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Chapter V of my dissertation appeared in Physical Review as a joint paper with Wei-Tou Ni of the National Tsing Hua University, Taiwan. It was a slightly-messy theoretical exercise in exploring the "natural" coordinate system which might be used by a gravitational experimenter. In 1976, at the suggestion of Kip Thorne (my thesis advisor) I had begun studying the local coordinates of a person who was both rotating and accelerating. After a few months of ugly calculations I came up with some new, publishable equations. In the summer of 1977, when Ni visited Caltech, we discovered that we were both in the process of writing up identical results on the same subject! So we decided to publish together.

Such a coincidence isn't unusual in science; open questions are often "in the air" and several people are likely to work on solving them at once. In this case the synchronicity was even less startling. "Victor" Ni had been a grad student of Kip's a few years earlier, and his research had been in this general area. It was good luck that we met before submitting our separate papers; both of us saved time and potential embarrassment by teaming up.

The topic we addressed was a simple one: imagine trying to do an experiment on a roller-coaster. You would see all sorts of weird effects, seemingly strange forces and accelerations, just because your apparatus is being twisted and pushed about. You would have to compensate carefully for those pseudoforces in order to actually measure something independent of your motions.

Well, in real life hardly anybody works in free fall. The Earth rotates on its axis and revolves around the Sun. So do we. The ground shakes and tides tug. Our laboratory equipment is turned and shoved around relative to the "fixed stars" --- and therefore experiments see pseudoforces, centrifugal/centripetal and Coriolis accelerations that wouldn't be there if we were floating in space.

Easy to say --- but it's nontrivial to compute the precise effects, accurately, taking into account special and general relativity. But that degree of precision is needed in order to analyze delicate gravitational-wave detectors, where sensors are striving to pick up signals of one part in a trillion trillion or less.

Wei-Tou Ni and I hacked through the algebra and found 14 different types of pseudoforces. There's the usual inertial acceleration plus the well-known Doppler (a.k.a. "gravitational") red-shift correction. (Physical processes "overhead" run more quickly than one would expect; light gains energy and oscillates faster as it falls downhill.) Then there are special-relativistic and red-shift corrections to those terms. Next the Coriolis acceleration appears; it's the same force that makes hurricanes swirl counter-clockwise in the Northern hemisphere. The centripetal (or centrifugal) force is in there too. Beyond that, we found "electric" and "magnetic" gravitational effects, analogous to those that work on charged particles but arising from inhomogeneous gravity fields (tides, based on the Riemann curvature of spacetime).

Quite a thicket of complexity, but reasonably straightforward to measure and neutralize in an experiment --- once one knows what to watch out for. Our paper appeared in the 15 March 1978 issue of Physical Review D. It was titled "Inertial and gravitational effects in the proper reference frame of an accelerated, rotating observer", by Wei-Tou Ni and Mark Zimmermann. Almost certainly, fewer people read it than have already read this ^zhurnal. Such are the laurels of science.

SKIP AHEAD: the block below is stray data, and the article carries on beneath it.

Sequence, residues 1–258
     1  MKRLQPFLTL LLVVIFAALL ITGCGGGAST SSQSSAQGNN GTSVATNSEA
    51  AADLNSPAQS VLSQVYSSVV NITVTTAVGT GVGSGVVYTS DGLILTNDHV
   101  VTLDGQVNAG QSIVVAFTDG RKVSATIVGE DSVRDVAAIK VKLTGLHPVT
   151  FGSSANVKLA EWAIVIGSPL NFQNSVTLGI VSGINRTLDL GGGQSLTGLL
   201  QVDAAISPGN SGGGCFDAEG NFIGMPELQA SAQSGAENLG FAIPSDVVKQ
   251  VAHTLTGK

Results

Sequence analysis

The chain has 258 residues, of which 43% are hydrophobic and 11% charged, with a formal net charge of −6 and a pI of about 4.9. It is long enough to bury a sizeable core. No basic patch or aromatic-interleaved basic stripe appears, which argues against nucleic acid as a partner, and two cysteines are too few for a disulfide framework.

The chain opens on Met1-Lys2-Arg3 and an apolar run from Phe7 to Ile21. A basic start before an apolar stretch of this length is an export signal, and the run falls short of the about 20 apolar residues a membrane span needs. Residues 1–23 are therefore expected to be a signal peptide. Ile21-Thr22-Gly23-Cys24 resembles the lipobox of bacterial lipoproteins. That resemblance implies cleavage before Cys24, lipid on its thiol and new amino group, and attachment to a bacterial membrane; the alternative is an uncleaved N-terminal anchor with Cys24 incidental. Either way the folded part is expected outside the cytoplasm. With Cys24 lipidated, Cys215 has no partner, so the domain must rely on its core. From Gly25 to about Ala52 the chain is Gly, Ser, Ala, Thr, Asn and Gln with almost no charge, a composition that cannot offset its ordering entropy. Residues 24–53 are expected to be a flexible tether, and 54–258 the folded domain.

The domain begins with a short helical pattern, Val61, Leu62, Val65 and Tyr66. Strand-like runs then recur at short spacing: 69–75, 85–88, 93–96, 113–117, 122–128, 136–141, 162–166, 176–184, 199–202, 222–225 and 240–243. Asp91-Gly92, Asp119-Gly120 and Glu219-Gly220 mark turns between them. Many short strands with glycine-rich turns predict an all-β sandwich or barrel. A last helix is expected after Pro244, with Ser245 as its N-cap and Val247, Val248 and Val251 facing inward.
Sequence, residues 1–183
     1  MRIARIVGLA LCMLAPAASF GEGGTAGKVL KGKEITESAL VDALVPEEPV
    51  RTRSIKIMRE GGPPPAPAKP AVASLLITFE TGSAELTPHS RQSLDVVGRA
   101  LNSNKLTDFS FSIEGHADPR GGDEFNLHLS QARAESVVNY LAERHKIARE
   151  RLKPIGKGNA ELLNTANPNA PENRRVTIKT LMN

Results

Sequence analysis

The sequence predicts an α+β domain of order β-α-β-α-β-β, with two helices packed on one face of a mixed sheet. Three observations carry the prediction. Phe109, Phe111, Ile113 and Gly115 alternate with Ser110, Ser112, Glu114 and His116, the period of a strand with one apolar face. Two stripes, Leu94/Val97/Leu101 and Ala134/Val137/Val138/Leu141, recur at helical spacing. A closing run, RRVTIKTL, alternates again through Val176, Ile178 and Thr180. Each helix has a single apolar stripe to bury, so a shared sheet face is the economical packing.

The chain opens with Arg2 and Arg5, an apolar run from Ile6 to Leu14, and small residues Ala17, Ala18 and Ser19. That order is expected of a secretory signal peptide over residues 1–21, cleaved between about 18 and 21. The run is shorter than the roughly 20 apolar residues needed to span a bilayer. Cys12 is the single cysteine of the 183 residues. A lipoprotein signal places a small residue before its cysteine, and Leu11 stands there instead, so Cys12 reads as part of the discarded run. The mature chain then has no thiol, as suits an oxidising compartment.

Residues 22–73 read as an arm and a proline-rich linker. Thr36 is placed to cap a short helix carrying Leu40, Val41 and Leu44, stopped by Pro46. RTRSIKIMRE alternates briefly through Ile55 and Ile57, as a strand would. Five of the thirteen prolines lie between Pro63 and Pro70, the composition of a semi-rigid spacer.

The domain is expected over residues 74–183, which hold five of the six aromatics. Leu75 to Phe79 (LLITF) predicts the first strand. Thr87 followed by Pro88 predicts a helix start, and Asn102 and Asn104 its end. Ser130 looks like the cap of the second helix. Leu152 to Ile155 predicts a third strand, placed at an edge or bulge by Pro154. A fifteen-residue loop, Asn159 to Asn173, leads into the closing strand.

But more amusing, perhaps, was a mundane factor that arises in every joint publication: Whose name comes first on the paper?! Victor Ni was a bit shy about asking me, but via Kip he requested permission to be the lead author. I happily agreed. Ni was (slightly!) my elder, an established scholar but still struggling to get tenure and respect; I was already thinking about moving on to work outside of physics. It was an easy and collegial decision to appear last. (Besides, with the name "Zimmermann" I was used to it!)

In other cases, alas, name-order is far more controversial an issue. I was a minor co-author on a paper (which shall remain otherwise unidentified) where the "natural" solution, alphabetical listing of the players by their surnames, would have hidden the magnitude of contribution by one of the authors. The person who came first alphabetically deserved the lion's share of credit for the work. How to signify that fact?

I was in a dead heat for last place among the co-authors, deservedly so given the minor nature of my involvement. The Solomonic solution: move "Zimmermann" up a notch --- making it obvious by the incongruity of that out-of-place "Z" that the author list was not alphabetized, but signified the proper share of glory. Silly-sounding, to be sure, but such subtle games keep blood from being shed in the groves of Academe every day. When ideas are the coin of the realm, getting proper credit is the only route to wealth.

(see KipTheDragon, RelativityPlusAstrophysics, CherishedBeliefs, PulsarWaves, SoftOutsideCrunchyCenter, and SpinningSources for other ^z thesis work)

Thursday, April 27, 2000 at 17:53:17 (EDT) = Datetag20000427

TopicPersonalHistory - TopicScience - TopicProfiles

(correlates: Subway Agreement, ErdosNumberz, ToastyOvaries, ...)